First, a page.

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Eagles' Owner Criticizes ESPN

After Limbaugh resigns over comments about Philadelphia's McNabb, Lurie accuses the network of practicing 'institutional racism.'

October 03, 2003|Elliott Teaford | Times Staff Writer

On the day after Rush Limbaugh resigned as an ESPN football commentator, Philadelphia Eagle owner Jeffrey Lurie sharply criticized the network for practicing "institutional racism" for hiring the conservative radio talk show host to boost its ratings.

Lurie also criticized ESPN's new drama "Playmakers," about players in a fictional professional football league, in which a recent episode featured a player using cocaine during halftime of a game.

"There is clearly a problem and the problem doesn't go away with the firing of Rush Limbaugh," Lurie said during a news conference Thursday. "The problem, in my opinion, and I think in many people's opinions, is when you are in the business of hiring people like that or portraying athletes in a primarily African American sport and want to completely disengage from reality in the seeking of ratings, it is a sad story....

"Some of the events of this week, if you think about it, are built with institutional racism. It exists. Let's not hide it. Let's not make believe the problem is a single person, because it is far from that.

"Secondly, Disney's brand name is Mickey Mouse, Magic Kingdom. How would they like it if Minnie Mouse was portrayed as [drug kingpin] Pablo Escobar and the Magic Kingdom as a drug cartel? That is what we're talking about. This is the background here in terms of decisions that are made that allow things like this to happen."

Josh Krulewitz, a spokesman for ESPN, said, "We obviously disagree with [Lurie's] comments." The all-sports cable network, which is owned by the Walt Disney Co., has no plans to replace Limbaugh.

Limbaugh has denied that his comments Sunday about Philadelphia quarterback Donovan McNabb were racist, but he resigned Wednesday amid a growing outcry for the network to fire him.

"I think what we've had here is a little social concern in the NFL," Limbaugh said. "The media has been very desirous that a black quarterback do well. There is a little hope invested in McNabb, and he got a lot of credit for the performance of this team that he didn't deserve. The defense carried this team."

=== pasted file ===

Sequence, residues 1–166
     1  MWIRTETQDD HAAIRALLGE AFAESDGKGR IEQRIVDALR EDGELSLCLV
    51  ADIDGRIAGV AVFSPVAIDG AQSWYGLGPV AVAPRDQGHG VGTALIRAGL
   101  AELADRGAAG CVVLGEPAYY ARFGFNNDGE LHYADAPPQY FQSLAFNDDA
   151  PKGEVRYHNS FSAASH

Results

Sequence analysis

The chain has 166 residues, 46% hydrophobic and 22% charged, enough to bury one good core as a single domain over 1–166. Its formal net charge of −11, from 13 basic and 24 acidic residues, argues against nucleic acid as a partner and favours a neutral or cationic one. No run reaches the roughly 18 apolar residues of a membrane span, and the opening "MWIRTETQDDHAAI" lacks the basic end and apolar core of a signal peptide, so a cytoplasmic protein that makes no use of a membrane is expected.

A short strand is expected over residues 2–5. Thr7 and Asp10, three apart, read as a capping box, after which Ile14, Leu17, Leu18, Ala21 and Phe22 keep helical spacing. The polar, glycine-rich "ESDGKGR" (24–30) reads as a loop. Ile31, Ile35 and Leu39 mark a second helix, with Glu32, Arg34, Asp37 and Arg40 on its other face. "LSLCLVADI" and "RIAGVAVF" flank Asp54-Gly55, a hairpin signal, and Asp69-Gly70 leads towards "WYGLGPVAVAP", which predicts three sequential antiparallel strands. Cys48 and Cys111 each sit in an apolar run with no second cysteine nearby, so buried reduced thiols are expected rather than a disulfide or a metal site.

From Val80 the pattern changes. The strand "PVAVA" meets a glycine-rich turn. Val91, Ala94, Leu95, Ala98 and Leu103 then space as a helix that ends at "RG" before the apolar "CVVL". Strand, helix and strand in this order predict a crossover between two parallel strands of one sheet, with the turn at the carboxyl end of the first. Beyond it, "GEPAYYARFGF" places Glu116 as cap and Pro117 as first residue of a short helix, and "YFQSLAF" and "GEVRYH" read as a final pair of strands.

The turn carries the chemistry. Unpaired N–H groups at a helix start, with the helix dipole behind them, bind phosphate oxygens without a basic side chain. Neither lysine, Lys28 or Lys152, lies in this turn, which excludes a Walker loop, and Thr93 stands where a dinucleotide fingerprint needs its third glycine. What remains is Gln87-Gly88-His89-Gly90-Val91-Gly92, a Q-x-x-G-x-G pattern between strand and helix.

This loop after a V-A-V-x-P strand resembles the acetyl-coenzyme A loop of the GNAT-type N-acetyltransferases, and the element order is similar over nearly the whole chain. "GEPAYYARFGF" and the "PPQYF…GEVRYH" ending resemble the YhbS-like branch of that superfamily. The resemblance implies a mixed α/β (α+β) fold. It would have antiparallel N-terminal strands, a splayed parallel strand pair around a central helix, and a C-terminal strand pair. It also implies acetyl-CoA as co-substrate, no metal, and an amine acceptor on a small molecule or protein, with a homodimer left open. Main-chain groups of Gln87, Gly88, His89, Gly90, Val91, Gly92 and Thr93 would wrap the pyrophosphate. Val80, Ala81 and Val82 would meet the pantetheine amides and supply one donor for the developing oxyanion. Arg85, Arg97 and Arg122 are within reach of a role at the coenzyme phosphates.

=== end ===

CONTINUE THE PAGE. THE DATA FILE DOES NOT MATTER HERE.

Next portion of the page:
The Eagles are 36-22 with McNabb as their starting quarterback, losing in the NFC championship game in each of the last two seasons. McNabb also has been selected to play in the Pro Bowl for three consecutive seasons.

Limbaugh, who spoke Thursday at the National Assn. of Broadcasters convention at Philadelphia, said he was merely expressing an opinion.

"It's something I have believed for quite a while," he told Associated Press. "I don't mean to hurt anybody."

McNabb sought to put the episode behind him.

"I said all I have to on the topic," he said in a statement released by the Eagles. "I spent more time on the subject than I expected to. It's time for me to concentrate on the Redskins and trying to win a football game with my teammates this weekend."

Lurie said he met with NFL officials this week and the league was "very upset by the comments made by ESPN and by 'Playmakers.' " He also said Commissioner Paul Tagliabue telephoned McNabb to offer his support.

"I talked to some owners [Wednesday] and there is a sense of outrage," Lurie said. "The one danger, I think, is to think the problem goes away when you get rid of the person who feathered the words. The problem lies in the hiring of people like that."

Asked whether personalities outside of the NFL should be hired as commentators, Lurie said, "We all had our feelings about Howard Cosell, a lawyer. Howard had his pluses and minuses, but did his homework [while on "Monday Night Football"].... That's not to say Rush Limbaugh could have done a great job. You do know what you are getting when you choose that particular person."

With Limbaugh joining host Chris Berman and former NFL players Tom Jackson and Steve Young, ratings for ESPN's Sunday pregame show rose 10% over last season and by 26% among the coveted male 18- to 34-year-old demographic group. Sunday's program received its highest rating in seven years.

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